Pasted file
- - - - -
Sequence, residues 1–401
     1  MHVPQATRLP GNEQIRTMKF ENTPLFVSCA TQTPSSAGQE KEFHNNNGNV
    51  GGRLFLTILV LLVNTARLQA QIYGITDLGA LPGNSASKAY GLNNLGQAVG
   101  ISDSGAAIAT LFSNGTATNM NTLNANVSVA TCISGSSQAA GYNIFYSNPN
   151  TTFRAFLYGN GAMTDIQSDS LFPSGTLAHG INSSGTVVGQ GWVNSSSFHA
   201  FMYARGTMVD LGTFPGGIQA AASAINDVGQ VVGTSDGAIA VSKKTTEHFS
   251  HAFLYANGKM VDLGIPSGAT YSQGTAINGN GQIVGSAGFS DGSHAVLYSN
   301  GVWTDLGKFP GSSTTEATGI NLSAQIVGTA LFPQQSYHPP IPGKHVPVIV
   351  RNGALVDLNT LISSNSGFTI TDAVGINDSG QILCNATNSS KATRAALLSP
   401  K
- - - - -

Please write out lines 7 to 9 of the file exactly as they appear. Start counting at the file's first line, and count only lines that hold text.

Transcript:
   251  HAFLYANGKM VDLGIPSGAT YSQGTAINGN GQIVGSAGFS DGSHAVLYSN
   301  GVWTDLGKFP GSSTTEATGI NLSAQIVGTA LFPQQSYHPP IPGKHVPVIV
   351  RNGALVDLNT LISSNSGFTI TDAVGINDSG QILCNATNSS KATRAALLSP